dinosaur museum

October 2020 Newsletter

FROM THE EDUCATION DESK

I can smell FALL in the air, my favorite time of the year. Love the colors, looking at the leaves, feeling autumn in the air and listening to the sound of the leaves under my shoes as I walk. Brand new month and so very nice!

October 4th is International Ships -in-Bottles Day, October 6th is National Noodle Day, October 16th is National Fossil Day and of course Halloween is October 31st! The first full Moon of fall will appear on October 1st , and on October 31st the second full moon appears. This will be a rare Blue Moon!! There will be a meteor shower in the late evening of October 9th and another one in the pre-dawn hours of October 21st-22nd. Did you know that the foliage color is triggered by the amount of daylight and not the weather? October’s flowers are the Cosmos and the Marigold and Opal is the lovely birthstone of October.

FYI: Tiny Ancient Relative of Dinosaurs and Pterosaurs Discovered

Its name was Kongonaphon kely, which means “tiny bug slayer” and it was about the size of a coffee cup. It lived on Madagascar approximately 237 million years ago during the Triassic period and stood about 4 in. tall. The team thinks it was likely bipedal with long and slender leg bones and measured about 16 in. long from nose to tail. By examining a section of the thigh bone, it was determined that they were dealing with the remains of an adult rather than a baby. It belonged to the ancient group Ornithodira which was the last common ancestor of all the dinosaurs and pterosaurs.

The bones of this animal were first found during field work in 1998 at a fossil site along with the remains of hundreds of other ancient specimens. It was formally named and described in 2020. The earliest members of the group may have gone through a profound miniaturization event near the base of the avian stem lineage, the team writes in their newest paper. Evidence to support this comes in the form of the teeth and the pitted abrasions on them, consistent with a diet of hard-shelled insects. The teeth were pointed peg-like, unserrated teeth. It’s also possible that the shift to this tiny body helped it and its archosaur peers unlock and develop other traits that would go on to become a mainstay of their descendants survival like the origins of flight in pterosaurs and the presence of “fuzz” on the skin of both pterosaurs and dinosaurs.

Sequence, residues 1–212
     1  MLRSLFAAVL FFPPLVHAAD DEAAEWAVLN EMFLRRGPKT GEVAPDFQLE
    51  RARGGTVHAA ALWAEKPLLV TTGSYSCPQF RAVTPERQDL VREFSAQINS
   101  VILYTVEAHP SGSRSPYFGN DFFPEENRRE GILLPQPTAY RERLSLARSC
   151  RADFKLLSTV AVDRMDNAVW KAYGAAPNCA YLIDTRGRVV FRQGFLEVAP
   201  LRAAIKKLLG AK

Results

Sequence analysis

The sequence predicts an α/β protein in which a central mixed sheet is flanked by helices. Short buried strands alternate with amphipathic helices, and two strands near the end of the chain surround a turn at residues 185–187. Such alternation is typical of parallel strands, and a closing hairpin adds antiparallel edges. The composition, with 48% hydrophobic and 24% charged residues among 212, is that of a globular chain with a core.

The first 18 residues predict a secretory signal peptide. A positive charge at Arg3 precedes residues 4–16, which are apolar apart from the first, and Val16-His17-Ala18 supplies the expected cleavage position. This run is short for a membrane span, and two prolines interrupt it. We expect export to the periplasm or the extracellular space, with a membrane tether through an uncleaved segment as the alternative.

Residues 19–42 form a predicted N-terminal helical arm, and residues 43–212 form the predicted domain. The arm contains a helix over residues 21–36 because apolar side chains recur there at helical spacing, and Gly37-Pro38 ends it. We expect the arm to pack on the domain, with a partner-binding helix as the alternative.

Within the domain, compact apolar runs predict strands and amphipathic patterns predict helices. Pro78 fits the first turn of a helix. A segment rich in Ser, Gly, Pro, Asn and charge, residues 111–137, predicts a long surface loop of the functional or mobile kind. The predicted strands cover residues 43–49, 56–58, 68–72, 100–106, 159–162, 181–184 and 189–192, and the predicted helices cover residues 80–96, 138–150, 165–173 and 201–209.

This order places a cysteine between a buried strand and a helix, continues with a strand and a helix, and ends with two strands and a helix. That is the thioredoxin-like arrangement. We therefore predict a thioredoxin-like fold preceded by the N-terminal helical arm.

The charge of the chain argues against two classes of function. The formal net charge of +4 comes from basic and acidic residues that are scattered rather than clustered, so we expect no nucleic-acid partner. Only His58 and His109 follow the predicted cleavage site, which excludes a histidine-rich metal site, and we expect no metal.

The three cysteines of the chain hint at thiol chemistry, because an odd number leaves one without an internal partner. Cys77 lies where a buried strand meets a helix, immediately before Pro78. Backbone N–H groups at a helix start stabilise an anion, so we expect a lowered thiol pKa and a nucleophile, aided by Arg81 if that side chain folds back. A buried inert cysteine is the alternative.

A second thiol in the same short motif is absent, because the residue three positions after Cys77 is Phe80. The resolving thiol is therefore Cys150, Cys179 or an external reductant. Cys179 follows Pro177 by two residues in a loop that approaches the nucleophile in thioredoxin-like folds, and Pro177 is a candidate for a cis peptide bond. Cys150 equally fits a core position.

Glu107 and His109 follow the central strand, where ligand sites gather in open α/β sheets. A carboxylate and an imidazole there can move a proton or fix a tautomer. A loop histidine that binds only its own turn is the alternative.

“Discovery of this tiny relative of dinosaurs and pterosaurs emphasizes the importance of Madagascar’s fossil record for improving knowledge of vertebrate history during times that are poorly known in other places,” said project co-leader Lavasoa Ranivoharimanana at the University of Antananarivo in Madagascar. Recent discoveries like Kongonaphon have given us a much better understanding of the early evolution of ornithodirans.
The “miniaturization” event indicates that the dinosaur and pterosaur lineages originated from extremely small ancestors yielding important implications.

Wear on the teeth suggests it ate insects which is associated with small body size. This may have helped early ornithodirans survive by occupying a niche different from their mostly meat-eating relatives. The team’s work also suggests that fuzzy skin coverings which ranged from simple filaments to feathers may have originated for temperature control. Heat retention in small bodies is difficult, and the mid-late Triassic was a time of climate extremes.
In the future the team hopes to investigate whether Kongonaphon was more closely related to pterosaurs or dinosaurs and to learn more about what may have caused the miniaturization event that gave rise to this 4in. tall predator.

Geri Lebold
Education Director

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